By Sandra Gibson – October 2015
Photograph by Geoff Edwards (This photograph was taken at Nantwich Market. Charles Ormrod makes and sells bread baked according to nineteenth century methods and ingredients at London Road Bakehouse S-O-T)
Warning: nostalgia alert
When I was a child, churches, chapels, schools and social clubs held ceremonies called Harvest Home, in which praise was given to a benign god for the harvest being safely gathered in and stored, so that the winter could be survived. Even in the Fifties this was an archaic idea because we didn’t share our house with our cattle and pigs, wringing our hands about growing conditions; we bought imported food from the Co-op and the Home and Colonial and put it in our pantry or fridge. The celebratory harvest displays reflected this – still do – because amongst the wormy pears, the marrows too big to contemplate, the yellow-eyed Michaelmas daisies and blue-bloomed red cabbages, less earthy donations appeared. People who didn’t have an allotment or a garden, or whose link with the land had been supplanted by the I Love Lucy show, gave tins: marrowfat peas, butter beans, rhubarb chunks, pineapple rings and carnation milk. Or they gave packets: pudding rice, cornflower, blancmange, pearl barley, Atora suet, and biscuits such as Arrowroot, Nice (never pronounced the French way), Custard Creams and Blue Ribands (always pronounced “ribbons”).
Yet there lingered, still lingers, a primitive feeling of seasonal protocol: of the growing period coming to fruition and the necessity to preserve things for the darkness to come. The procedures had precision too: just as we had been careful to make our dandelion wine before St George’s Day, and collected our elderflowers on a dry day because otherwise the cordial would smell of piss, we took care to pick our blackberries always before October 1st, because after that the devil would have spat on them and ruined the jam. Fruits from the Blackthorn trees were also harvested, washed, pricked and placed in a demi-john of gin to make a Christmas tipple: sloe gin (or in our household, quick gin which my grandfather used to down with a wink the minute it was made). It was always a wonder for me that the blue-black sloes coloured the gin deep burgundy.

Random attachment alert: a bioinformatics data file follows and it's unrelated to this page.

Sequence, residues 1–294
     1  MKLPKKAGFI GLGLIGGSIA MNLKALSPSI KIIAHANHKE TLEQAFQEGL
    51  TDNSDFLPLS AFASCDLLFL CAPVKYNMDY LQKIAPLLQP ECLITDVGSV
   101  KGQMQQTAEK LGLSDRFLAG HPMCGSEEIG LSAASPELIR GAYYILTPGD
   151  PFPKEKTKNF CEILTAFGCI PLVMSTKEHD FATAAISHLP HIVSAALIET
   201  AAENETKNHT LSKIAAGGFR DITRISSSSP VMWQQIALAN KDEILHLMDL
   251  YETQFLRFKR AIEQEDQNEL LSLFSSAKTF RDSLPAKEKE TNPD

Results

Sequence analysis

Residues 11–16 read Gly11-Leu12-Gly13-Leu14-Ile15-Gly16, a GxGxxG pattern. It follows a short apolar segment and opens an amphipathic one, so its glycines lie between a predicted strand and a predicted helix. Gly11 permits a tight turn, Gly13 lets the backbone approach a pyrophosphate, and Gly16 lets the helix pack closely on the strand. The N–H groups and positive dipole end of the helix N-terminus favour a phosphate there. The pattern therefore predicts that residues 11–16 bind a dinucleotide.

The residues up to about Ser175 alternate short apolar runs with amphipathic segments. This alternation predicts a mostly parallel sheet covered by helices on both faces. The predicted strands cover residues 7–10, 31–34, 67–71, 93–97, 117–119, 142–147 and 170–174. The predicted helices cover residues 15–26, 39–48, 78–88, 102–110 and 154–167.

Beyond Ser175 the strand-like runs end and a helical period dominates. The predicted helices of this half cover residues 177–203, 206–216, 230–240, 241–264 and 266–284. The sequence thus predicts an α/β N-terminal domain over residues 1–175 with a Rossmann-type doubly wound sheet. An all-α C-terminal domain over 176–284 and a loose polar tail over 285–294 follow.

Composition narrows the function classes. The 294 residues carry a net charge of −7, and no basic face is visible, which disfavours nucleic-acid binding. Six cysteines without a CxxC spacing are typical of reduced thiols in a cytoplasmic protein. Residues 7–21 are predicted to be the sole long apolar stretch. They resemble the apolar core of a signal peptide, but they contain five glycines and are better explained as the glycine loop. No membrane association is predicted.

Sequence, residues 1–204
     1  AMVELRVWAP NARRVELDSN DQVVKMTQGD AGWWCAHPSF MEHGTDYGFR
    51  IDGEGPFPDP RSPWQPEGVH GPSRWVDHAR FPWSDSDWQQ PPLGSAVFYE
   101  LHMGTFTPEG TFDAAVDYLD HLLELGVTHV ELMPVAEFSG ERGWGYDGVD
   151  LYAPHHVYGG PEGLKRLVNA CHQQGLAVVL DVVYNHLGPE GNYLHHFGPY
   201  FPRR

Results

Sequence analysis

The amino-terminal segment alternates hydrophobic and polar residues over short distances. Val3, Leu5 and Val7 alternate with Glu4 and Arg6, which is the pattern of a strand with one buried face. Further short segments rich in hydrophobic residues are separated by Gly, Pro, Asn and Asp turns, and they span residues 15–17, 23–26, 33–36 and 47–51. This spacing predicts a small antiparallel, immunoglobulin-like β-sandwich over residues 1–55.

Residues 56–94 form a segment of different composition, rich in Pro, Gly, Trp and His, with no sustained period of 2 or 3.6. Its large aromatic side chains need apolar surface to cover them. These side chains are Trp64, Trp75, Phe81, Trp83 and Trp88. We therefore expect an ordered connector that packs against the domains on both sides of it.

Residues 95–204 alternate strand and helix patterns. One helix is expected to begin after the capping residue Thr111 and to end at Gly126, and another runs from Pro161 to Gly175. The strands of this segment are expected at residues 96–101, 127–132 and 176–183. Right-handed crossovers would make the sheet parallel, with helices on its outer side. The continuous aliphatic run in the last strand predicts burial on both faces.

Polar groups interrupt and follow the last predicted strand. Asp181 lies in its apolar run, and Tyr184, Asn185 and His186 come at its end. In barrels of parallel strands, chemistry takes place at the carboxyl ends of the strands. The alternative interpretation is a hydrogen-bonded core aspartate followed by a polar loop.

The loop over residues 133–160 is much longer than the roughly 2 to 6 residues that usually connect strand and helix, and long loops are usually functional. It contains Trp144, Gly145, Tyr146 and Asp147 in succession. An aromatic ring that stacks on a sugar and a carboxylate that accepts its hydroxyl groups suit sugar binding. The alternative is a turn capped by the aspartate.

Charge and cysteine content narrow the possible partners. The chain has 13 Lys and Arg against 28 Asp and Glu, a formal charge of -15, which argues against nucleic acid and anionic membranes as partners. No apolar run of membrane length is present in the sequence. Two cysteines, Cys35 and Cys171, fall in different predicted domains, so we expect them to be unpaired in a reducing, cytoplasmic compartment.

At the heart of any Harvest Home service I have ever attended there would be a triumphant confection of bread, fashioned into a sheaf of brown-glazed wheat. It wasn’t simply a matter of someone from the Women’s Institute or Mr Bunn the baker showing their bake-off skills; this was a profound acknowledgement of human dependence on the earth and the seasons to provide our daily bread, wherever the wheat flour is produced. And the Fifties child pulling off the warm crust from a newly baked National loaf was already complacent about the continued provision of daily bread. Yet her grandparents and parents had recently experienced the privations created by blockades in two World Wars, because our reliance on imported food made us vulnerable. We only vaguely remember – from our history lessons – that people starved in Ireland in 1845-46 and that the harshness of the Corn Laws impacted dreadfully on the lives of ordinary people, the bulk of whose wages had to be spent on bread. This, of course, took place in a previous century when children went up chimneys.
Our food complacency is being challenged; we have seen famines and starving people, but like the children up chimneys, these things have seemed remote: an aberration in the Twenty-first Century, where food production is industrialised, globalised, televised; where cake is eulogised … Yet here we are, in Britain, rather separated from our rural roots, experiencing Dickensian hardships and hunger. The soup kitchens of the sepia yesteryear have been superseded by the food bank: an institution not created by failed harvest or failure to work, so much as the cynical blockading of all types of resources through inhumane government policies. Food banks have become the shrines to populist generosity which the Harvest Home tables used to be. But the mood is different: not expansively celebratory but an anxious – though generous – response to the drudgery of shamed need. **
*Also known as Rose Bay Willow Herb, the prolific wild flower called Fireweed, five feet tall with spikes of magenta flowers, cheers the hearts of those whose cityscape has become a bomb site or whose buildings have been cleared by machine. The dormant seeds spring to life after destructive events such as forest or man-made fires, hence the name, Fireweed. This occasional column will celebrate the persistence of wildlife in urban conditions.
**I have it on the good authority of a friend who helps at a food bank that some people do feel ashamed of their plight.